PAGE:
Google universal ranking factors: an overview of resources

Google universal ranking factors: an overview of resources

25th August 2010

Google is much more than a search engine that searches for the best webpage to fit your request. Over the years they launched many different vertical search engines like Google News, Google Books and Google Places. More and more results from those vertical search engines tend to appear in the regular search results, creating universal (or blended) search results pages.

Because these universal results can replace regular results and ofter are placed above the regular results SEO doesn’t focus on organice results alone anymore. You need to optimise for the vertical search engines as well. All those different search engines require different approaches for ranking in their SERPs, in this article I try to make an overview of the most valuable information for ranking in Google’s universal search engines.

Google Organic ranking factors

Let me first start with the organic results. SEOmoz publishes an update on the ranking factors for ranking in search engines every two years. Those ranking factors come from a survey taken from 72 SEO experts all over the world. In my opinion this list is a great overview of the ranking factors and their estimated weight.

Oh yeah, Google tries to give some information about ranking factors as well.

Google AdWords ranking factors

Although Google AdWords is not really a vertical search engine there are ranking factors involved for ranking the ads. Google explains it partially in this post.

The Quality Score is however still a bit mysterious. For more in-depth information about the Quality Score check out the Quality Score Handbook by PPC Hero:

Google News ranking factors

Google News is very valuable source of traffic for a very distinct group of websites. Ranking news takes a whole different  approach than regular results. An interesting difference from ranking in regular results is that for Google News PageRank (# of links) don’t matter.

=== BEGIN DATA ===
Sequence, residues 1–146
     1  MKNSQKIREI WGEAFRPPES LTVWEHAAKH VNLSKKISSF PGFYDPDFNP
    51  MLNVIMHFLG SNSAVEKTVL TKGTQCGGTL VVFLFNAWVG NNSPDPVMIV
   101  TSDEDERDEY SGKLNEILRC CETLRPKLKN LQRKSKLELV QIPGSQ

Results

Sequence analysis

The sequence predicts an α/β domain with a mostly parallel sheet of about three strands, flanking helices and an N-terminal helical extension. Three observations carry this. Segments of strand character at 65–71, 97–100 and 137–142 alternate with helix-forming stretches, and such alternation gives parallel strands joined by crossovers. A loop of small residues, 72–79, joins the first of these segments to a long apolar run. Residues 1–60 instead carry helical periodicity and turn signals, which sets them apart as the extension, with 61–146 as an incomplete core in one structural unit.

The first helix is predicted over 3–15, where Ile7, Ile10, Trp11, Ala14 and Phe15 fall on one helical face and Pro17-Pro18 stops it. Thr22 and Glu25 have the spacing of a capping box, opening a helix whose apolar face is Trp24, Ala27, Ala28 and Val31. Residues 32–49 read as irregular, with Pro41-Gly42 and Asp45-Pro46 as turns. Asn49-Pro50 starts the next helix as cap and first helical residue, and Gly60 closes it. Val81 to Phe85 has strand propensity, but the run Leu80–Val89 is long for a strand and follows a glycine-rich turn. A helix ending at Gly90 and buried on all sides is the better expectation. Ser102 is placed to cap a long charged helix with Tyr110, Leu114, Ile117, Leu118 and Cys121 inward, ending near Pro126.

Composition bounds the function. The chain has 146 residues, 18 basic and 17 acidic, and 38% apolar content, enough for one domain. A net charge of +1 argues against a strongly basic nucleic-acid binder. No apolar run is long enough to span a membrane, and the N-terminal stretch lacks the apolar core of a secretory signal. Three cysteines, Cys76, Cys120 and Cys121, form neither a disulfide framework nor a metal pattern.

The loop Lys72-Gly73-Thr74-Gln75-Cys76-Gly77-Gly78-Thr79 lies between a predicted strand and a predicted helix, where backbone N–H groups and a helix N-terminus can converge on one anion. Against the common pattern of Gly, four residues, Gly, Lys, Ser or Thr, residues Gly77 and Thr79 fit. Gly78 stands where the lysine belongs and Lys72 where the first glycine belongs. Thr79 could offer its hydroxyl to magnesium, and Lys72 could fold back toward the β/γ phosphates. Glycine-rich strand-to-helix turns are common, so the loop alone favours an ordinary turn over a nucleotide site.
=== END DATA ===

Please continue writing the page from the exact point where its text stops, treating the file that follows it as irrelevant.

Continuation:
Two extensive articles that cover ranking factors from A to Z are: by our own Barry Adams; and by Danny Sullivan

The explanation of the patent for improving the ranking of news articles can be found here:

Google Blog Search ranking factors

Google Blog Search is a vertical that searches for blogposts and blogs as a whole. David Harry took a dive under the hood of Google Blog Search and analyzed two patents granted to Google for ranking blogs.

Google Videos ranking factors

Videos are ranking in the SERPs more and more. As Joost de Valk and David Harry mentioned in their summer interviews here on State of Search: video is getting increased visibility and should therefore get your attention.

Joost de Valk explains on his blog how to get your videos indexed.

Terry van Horne covers the nuts and bolts of video optimization on the Fire Horse Trail.

Google Images ranking factors

Google images were one of the first results appearing in the SERPs and are shown very often. However, documentation about ranking for Google images is hard to find. Possibly because visitors from Google images aren’t as valuable as other visitors. Because search engines can’t ‘read’ images surrounding and descriptive aspects play an important role here.